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Under What Circumstances May a Will be Contested in Ontario?

The death of a relative or someone you had a relationship with can be challenging.  Learning that the Will was not what you expected can raise suspicion about whether the Will was a true reflection of the deceased’s intention. In this blogpost we outline some of the circumstances under which a Will may be challenged.

 Failure to Provide for Financial Dependants

Dependents are persons who may have rights to part of an estate, even if they are not included in a Will. The Succession Law Reform Act and the Family Law Act list certain people that may have to be provided for.  Dependants can include your spouse, former spouse, common-law spouse, parent, grandparent, child, grandchild, brother and sister. 

The court may also rule in favour of a person who was financially dependent upon the deceased (e.g., a child who the deceased treated as his or her own) if that person can show a need for financial support. The judge may allow the challenge and order what he or she determines to be a fair amount of money to be paid to that individual from the estate.

Failure to Provide for Debts Owed

If you were owed amounts under a contract (e.g., a separation agreement) or you provided services for which you were not paid for, then you may have legal rights to contest a Will as a party with a financial interest in the estate.

Undue influence

A legal challenge can be made if excessive persuasion is found to be an issue with respect to drafting of the Will. A Will that greatly deviates from previous Wills could be the result of undue influence by a relative or caregiver.  The onus of proof is on those who challenge a Will but the courts will consider evidence which indicates the deceased may have been in a vulnerable position at the time and signed under pressure.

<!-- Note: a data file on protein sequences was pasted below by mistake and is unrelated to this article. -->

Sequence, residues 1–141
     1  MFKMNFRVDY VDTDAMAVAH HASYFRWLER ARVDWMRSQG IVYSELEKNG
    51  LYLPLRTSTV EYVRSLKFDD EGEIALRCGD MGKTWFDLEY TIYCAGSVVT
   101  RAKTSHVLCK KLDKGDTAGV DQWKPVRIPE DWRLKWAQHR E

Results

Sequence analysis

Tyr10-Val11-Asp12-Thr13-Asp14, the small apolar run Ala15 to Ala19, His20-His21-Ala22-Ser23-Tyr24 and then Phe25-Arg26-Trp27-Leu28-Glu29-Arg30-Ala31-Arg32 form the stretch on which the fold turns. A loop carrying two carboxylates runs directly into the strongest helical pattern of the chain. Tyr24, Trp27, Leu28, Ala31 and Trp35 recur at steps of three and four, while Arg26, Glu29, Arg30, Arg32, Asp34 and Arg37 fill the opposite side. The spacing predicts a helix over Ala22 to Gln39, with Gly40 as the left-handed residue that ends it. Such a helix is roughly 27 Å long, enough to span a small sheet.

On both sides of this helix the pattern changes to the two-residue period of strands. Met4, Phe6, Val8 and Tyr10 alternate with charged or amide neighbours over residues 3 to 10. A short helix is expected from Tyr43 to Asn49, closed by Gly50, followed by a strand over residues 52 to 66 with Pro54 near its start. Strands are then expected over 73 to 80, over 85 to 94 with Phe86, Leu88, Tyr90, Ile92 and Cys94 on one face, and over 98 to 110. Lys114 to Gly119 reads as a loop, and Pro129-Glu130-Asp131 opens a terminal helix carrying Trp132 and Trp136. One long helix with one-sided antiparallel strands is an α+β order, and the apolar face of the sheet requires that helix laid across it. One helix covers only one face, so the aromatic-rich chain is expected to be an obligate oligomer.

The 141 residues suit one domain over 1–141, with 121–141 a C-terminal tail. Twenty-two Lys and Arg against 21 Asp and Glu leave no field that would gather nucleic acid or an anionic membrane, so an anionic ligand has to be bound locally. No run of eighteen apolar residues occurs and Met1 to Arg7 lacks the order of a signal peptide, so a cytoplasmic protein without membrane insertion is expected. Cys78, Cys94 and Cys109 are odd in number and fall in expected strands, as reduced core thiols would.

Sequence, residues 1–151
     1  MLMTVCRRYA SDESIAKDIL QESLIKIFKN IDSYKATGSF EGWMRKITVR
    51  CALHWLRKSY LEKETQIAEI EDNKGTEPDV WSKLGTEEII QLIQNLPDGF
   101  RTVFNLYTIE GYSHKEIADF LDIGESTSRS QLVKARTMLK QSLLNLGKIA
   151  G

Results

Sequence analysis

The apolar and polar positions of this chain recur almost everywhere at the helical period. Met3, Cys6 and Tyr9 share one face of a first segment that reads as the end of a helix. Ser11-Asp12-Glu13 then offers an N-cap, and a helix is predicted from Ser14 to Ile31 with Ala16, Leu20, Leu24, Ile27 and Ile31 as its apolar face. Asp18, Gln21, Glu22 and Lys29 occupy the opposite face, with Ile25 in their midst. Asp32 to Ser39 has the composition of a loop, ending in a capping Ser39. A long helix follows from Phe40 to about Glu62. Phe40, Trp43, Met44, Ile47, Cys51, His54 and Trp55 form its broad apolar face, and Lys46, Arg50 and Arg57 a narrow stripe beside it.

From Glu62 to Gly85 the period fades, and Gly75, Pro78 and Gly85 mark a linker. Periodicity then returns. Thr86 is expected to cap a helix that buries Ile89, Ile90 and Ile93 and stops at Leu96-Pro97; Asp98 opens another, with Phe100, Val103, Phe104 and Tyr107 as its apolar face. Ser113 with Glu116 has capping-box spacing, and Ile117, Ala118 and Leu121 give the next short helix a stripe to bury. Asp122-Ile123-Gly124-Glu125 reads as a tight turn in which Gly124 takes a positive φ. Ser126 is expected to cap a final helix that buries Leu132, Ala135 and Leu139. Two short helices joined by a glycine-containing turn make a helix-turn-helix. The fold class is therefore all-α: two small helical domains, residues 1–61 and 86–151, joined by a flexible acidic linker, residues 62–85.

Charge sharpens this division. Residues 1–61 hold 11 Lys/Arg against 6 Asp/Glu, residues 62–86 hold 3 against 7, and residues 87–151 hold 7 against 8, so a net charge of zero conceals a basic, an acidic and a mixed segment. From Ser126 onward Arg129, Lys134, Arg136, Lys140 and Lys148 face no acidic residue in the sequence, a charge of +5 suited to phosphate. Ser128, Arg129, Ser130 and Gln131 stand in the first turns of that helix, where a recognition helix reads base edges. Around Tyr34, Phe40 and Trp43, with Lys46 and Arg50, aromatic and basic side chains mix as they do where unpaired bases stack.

Improper Execution of a Will

The law in Ontario has several formality requirements that must be adhered to in preparing a Will. Among these are the requirements that the Will be signed by the testator in the presence of two independent witnesses (or no witness in the case of a holograph Will), and this helps to limit the risk of undue influence. These witnesses must have nothing to gain from bequeaths or gifts that are set out in the Will. As such, a spouse, child or spouse of a child are generally unacceptable witnesses.

Lack of Testamentary Capacity

Having testamentary capacity is another requirement to make a valid Will. Testamentary capacity means that the testator understands that he or she is undertaking to prepare a Will, has a disposing intention, and has a fairly good idea of what assets he or she has and their approximated values. The testator must have knowledge of the contents and consequences of making the Will. The testator must also be able to identify to whom he or she wishes to give his or her assets upon death and if he or she is excluding one or more persons who might normally otherwise be included.

Conflict with Existing Laws

A Will cannot be in conflict with existing laws in Ontario, which might occur if the Will was prepared in another country, where the laws may differ (e.g., on formalities of a Will). Or, a Will could be voided by a subsequent marriage if the Will was not clearly made in contemplation of the marriage. Or, it could happen that a gift in a Will is invalid because it is contingent upon committing an illegal act.